OPEC’s Vienna meeting: the views so far

26 November 2014

VIENNA–With less than 24 hours to go until the Organization of the Petroleum Exporting Countries meets to discuss whether to take action to stabilize the steep slide in oil prices, market watchers are still guessing what the group will actually do.

Here’s a round-up of what the ministers have said so far this week in the run-up to Thursday’s meeting:

Angola: Though he stopped short of calling directly for an output cut when he arrived in Vienna Wednesday, Angola’s oil minister Jose Maria Botelho de Vasconcelos strongly suggested he would support one, saying there was a surplus of oil in the market and calling for prices to return to $100 a barrel. “We will analyze the situation and I think we will achieve consensus” to change the market situation, he said of his expectations for Thursday’s meeting, comparing the current situation to 2008 when OPEC drastically slashed output to support prices.

Iran: OPEC should comply with its agreed production ceiling of 30 million barrels a day, Iran’s oil minister Bijan Zanganeh said on arriving in Vienna Wednesday. Doing that would imply a cut of around 300,000 barrels a day from the group’s October production level, but Mr. Zanganeh made it clear Iran has no intention contributing to any cut and in fact hopes to boost output that has been heavily restricted by western sanctions. ”We don’t need to receive any permission from outside Iran to increase production,” he said.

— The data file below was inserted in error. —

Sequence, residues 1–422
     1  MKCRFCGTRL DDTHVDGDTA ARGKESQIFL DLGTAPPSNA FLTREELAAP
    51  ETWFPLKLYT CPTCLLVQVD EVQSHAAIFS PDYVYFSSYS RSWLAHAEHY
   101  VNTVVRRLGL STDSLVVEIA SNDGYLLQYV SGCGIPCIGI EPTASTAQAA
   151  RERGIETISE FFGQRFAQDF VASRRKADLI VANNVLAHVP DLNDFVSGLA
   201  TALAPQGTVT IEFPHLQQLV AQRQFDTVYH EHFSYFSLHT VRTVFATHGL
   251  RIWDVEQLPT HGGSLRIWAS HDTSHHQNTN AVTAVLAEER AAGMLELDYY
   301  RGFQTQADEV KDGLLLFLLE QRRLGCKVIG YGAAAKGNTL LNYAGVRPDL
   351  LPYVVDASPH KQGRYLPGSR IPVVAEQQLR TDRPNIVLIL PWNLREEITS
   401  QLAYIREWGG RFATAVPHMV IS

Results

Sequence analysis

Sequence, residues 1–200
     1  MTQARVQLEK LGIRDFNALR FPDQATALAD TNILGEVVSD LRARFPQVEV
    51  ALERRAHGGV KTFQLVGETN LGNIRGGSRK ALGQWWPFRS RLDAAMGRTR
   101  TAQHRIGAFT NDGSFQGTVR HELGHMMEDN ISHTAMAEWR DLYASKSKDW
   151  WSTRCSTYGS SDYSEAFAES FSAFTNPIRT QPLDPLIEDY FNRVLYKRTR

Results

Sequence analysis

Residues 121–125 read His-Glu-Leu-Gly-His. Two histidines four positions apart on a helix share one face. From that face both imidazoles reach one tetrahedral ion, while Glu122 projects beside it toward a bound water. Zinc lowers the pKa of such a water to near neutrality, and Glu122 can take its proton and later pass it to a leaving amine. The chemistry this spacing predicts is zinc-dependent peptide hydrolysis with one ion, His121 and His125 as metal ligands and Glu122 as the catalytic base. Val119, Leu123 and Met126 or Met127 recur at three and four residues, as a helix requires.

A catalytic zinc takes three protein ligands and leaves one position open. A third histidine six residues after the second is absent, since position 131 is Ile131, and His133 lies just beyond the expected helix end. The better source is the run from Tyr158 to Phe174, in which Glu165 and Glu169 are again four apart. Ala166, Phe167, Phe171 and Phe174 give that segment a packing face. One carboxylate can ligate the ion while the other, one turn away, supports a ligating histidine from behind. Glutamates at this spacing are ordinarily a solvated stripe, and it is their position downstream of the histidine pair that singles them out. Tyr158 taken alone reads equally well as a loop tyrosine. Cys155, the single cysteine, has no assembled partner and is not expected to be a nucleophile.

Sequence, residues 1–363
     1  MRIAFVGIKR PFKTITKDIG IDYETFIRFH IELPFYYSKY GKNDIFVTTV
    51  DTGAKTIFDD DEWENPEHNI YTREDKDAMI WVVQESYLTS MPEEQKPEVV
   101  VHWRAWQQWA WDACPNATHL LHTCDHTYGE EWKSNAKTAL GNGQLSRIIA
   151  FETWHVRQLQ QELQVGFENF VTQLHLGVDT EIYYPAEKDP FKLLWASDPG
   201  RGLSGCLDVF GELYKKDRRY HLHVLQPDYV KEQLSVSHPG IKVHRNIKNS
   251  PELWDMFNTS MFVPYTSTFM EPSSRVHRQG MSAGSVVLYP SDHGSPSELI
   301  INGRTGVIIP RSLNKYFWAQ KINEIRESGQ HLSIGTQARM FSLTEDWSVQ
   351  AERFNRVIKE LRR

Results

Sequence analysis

Iraq: One of the first oil ministers to arrive in Vienna this week, Iraq’s Adel Abdul-Mehdi kicked things off with a clear message: oil prices are not acceptable and something needs to be done. He did not say whether or not Iraq–still struggling to bring its oil production back above its pre-Saddam level and contending with an Islamist insurgency in its north– would participate in such action.

Saudi Arabia: Representatives of the OPEC kingpin have maintained a sphinx-like silence this week, finally broken Wednesday when oil minister Ali al-Naimi said that the market “will stabilize itself.” The minister has attended closed-door meetings with OPEC and non-OPEC members this week but has given no indication the Kingdom might consider a cut.

Venezuela: Venezuela’s foreign minister Rafael Ramirez has been doing the rounds, sharing his views on the market with a roster of high-profile officials this week. Speaking after a meeting with senior energy officials from Saudi Arabia, Mexico and Russia Tuesday, Mr. Ramirez said he wanted oil prices to go back to $100 a barrel, despite seeming to have failed to secure any agreement of action. ”Everybody has their own vision of the market, but everybody agreed that the price level is not good…everybody is worried about the price,” he said.



Source: WSJ